Queen Of Swords - Queen Of Swords

by Mark Steele Rating:5 Release Date:2017-09-15

A name is taken from both a tarot card set and a fantasy revenge TV series set in 19th century California about a Spanish valkyrie. It certainly sounds as though the eleven track debut album Queen Of Swords, created by Toronto's Queen Of Swords - Aerin Fogel, vocals and Kritty Uranowski, synths - possesses some kind of mystical prowess in the face of a dominant adversary. The prowess here would be Aerin's feminist standpoint, utilising her chosen song-fueled vehicle of expression. The album has been cooperatively produced with Bobb Bruno, behind the sound of Best Coast.

The opening of the album, "Family Ties," is a patriotic anthem, demonstrating a clear Celtic melody, sweetening the drums and angry guitar backdrop. There is a late-80s early 90's pop rendering of melancholic Indie-Pop, underneath Chamber Pop style sunshine melodies on this recording.

The layers of twangy guitars, synths, and reverbed drums provide a murmuring back drop to "Rise Instead," which could have stretched over to all the other songs on the album. Synth pop drums turn a below average song, "Somewhere Between" into a worthy melancholic highlight (although credit in part goes to the guitars and haunting timbre filled vocals). Listening to this, it seems apparent that the album has some mixing issues happening. The vocals seem to way out front, and everything else leveled down. It is okay on one song maybe, but it sounds contrived and at a pre-mastered stage.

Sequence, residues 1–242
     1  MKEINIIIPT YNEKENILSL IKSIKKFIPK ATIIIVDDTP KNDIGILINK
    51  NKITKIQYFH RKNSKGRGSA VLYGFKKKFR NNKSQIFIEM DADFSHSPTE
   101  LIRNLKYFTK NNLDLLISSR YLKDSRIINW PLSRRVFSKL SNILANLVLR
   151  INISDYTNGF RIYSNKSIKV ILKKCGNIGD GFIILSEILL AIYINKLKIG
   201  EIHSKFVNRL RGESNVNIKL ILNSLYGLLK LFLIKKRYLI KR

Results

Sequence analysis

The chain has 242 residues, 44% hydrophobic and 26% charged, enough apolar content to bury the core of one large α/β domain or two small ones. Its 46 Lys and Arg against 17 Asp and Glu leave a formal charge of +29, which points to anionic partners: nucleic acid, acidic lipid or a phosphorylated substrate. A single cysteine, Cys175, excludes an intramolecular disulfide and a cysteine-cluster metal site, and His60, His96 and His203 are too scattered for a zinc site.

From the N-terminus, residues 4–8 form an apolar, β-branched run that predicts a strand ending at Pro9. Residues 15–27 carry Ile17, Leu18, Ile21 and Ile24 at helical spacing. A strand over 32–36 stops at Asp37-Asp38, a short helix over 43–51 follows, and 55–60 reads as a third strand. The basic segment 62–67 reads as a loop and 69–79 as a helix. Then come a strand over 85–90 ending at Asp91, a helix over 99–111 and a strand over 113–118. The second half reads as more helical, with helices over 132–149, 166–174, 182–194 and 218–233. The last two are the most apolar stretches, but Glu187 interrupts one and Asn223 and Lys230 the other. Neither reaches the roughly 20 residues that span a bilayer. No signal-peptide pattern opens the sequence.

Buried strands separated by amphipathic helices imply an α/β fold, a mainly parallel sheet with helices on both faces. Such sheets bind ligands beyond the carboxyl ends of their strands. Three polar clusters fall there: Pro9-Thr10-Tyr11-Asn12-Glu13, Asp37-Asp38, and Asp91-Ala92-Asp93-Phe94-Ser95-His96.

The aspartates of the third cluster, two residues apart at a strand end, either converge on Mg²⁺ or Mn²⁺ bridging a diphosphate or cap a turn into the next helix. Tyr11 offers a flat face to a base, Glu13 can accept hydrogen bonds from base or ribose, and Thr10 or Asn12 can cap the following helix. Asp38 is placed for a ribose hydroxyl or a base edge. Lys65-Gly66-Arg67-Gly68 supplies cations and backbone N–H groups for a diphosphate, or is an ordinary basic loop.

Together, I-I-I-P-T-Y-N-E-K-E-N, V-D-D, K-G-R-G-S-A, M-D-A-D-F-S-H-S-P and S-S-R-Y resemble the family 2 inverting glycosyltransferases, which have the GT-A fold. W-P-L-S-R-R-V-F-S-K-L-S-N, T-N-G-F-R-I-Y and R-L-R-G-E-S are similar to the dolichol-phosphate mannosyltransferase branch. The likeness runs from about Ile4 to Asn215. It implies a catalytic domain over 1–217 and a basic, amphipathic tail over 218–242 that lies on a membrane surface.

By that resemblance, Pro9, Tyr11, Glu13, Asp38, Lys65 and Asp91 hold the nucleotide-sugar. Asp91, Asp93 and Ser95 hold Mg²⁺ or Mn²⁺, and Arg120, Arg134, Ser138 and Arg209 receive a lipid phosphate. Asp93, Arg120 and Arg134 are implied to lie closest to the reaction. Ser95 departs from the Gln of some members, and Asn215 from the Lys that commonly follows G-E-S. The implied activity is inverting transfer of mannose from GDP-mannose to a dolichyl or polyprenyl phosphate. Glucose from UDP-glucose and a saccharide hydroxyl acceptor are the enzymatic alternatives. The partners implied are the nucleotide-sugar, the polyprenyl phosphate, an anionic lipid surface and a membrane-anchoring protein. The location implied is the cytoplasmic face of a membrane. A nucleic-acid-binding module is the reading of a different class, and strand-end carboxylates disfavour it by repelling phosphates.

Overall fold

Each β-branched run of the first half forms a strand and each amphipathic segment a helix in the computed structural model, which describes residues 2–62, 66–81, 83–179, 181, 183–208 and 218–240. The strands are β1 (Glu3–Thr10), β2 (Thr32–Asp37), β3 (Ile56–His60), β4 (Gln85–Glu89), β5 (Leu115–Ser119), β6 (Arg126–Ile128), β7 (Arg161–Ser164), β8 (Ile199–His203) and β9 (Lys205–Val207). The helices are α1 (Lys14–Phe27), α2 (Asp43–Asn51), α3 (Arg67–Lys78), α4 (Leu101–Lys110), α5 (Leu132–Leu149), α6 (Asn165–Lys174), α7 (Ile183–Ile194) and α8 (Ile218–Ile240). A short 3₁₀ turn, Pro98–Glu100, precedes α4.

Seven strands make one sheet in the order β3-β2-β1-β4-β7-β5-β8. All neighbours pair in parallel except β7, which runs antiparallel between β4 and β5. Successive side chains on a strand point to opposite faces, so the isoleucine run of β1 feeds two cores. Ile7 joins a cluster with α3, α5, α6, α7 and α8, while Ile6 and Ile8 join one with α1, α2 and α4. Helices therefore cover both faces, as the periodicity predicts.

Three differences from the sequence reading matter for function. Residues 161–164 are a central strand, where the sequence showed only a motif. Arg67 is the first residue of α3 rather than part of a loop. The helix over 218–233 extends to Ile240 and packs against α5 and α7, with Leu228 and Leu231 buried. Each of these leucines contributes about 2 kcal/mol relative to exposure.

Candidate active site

A frostiness holds "Forgiveness" in an icy grasp, sounding as though it could be used for TV drama thriller music. The beginning of "Joy Will Be" has a Celtic vibe as well, melodically similar to the likes of Enya; a simple arrangement almost ambient, whilst the sheer racket backing Aerin on "Changed_Flickering" could have been clearer. It is only honest to say that there is a lot of filler on here that could end up as department store background music, only there are slight moments of short-lived depth, as with "Room In Your Cathedral."

As much as Queen Of Swords attempts to raise the level of conscious thought for those listening to the album, it does nothing to raise the roof in making a long lasting musical impression.

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